Most agencies are portals now. A big Spanish one comes to mind. It used to be a serious stock agency with a philosophy and look of its own. Now it resembles a flashy "come and get it" online shopping mall. I agree that Alamy needs to distance itself more from microstock (perhaps it's not too late). There are plenty of newbie photography blogs and websites that actually refer to Alamy as a microstock agency.

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Just now, John Mitchell said:

 

Most agencies are portals now. A big Spanish one comes to mind. It used to be a serious stock agency with a philosophy and look of its own. Now it resembles a flashy "come and get it" online shopping mall. I agree that Alamy needs to distance itself more from microstock (perhaps it's not too late). There are plenty of newbie photography blogs and websites that actually refer to Alamy as a microstock agency.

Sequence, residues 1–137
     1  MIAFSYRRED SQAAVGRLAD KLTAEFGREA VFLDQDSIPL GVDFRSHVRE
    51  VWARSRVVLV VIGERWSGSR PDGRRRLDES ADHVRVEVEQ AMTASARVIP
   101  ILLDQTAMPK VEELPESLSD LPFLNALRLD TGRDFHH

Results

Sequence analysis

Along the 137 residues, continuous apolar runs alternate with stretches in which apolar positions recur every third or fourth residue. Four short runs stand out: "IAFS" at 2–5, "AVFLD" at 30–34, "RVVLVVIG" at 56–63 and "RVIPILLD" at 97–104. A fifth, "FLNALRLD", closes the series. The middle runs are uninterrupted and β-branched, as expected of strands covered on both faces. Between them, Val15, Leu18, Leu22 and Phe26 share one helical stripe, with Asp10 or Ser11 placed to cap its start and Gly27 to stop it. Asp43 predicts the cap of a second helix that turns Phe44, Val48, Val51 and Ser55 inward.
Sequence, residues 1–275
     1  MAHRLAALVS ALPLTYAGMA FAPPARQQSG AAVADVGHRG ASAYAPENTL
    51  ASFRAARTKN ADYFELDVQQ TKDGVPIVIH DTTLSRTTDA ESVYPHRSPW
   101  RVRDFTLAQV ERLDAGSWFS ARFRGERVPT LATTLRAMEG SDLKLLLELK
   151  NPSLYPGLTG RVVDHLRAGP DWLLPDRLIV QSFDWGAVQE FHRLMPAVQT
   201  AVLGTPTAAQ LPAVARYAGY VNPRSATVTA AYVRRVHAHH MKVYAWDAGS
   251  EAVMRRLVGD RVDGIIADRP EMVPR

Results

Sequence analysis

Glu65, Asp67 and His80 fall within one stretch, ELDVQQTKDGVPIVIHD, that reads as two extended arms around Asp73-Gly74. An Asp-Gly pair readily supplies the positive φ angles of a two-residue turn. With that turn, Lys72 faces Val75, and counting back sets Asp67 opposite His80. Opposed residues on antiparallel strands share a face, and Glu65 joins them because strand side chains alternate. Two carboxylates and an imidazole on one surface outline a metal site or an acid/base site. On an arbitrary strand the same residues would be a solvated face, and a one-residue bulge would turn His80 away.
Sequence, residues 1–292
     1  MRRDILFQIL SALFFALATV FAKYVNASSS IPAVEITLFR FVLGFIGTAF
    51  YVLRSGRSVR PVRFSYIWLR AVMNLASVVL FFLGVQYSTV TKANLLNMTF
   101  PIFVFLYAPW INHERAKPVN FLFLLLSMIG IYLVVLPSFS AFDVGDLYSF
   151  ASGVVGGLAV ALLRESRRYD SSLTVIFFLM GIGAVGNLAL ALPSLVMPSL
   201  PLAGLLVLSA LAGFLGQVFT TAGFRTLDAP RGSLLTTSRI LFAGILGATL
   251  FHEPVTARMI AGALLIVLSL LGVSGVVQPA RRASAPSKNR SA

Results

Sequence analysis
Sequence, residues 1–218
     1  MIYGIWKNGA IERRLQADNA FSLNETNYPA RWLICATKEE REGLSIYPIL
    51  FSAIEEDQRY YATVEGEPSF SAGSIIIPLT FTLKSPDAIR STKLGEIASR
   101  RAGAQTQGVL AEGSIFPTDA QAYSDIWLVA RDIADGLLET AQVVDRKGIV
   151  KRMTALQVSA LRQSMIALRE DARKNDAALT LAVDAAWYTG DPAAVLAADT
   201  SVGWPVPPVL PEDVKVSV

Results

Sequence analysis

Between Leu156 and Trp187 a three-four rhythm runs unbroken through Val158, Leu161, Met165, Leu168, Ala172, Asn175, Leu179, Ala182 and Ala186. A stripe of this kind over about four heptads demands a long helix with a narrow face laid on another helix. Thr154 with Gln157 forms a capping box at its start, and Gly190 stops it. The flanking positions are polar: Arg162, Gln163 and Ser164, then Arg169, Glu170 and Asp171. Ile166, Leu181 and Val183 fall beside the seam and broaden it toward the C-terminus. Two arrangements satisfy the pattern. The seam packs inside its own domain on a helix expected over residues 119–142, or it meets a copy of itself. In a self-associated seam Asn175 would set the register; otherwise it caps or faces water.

I left that one last year when sales tanked. Or at least reports of sales did. Almost mysteriously so. Seemed also to happen to others. 

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Just now, geogphotos said:

 

I left that one last year when sales tanked. Or at least reports of sales did. Almost mysteriously so. Seemed also to happen to others. 

 

I still have some images with them through another non-performing "portal". As you say, sales tanked -- about two years ago for me -- so I removed the majority of my images, which took over six months and some nagging. At one time it was a good agency.

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1 hour ago, John Mitchell said:

 

I still have some images with them through another non-performing "portal". As you say, sales tanked -- about two years ago for me -- so I removed the majority of my images, which took over six months and some nagging. At one time it was a good agency.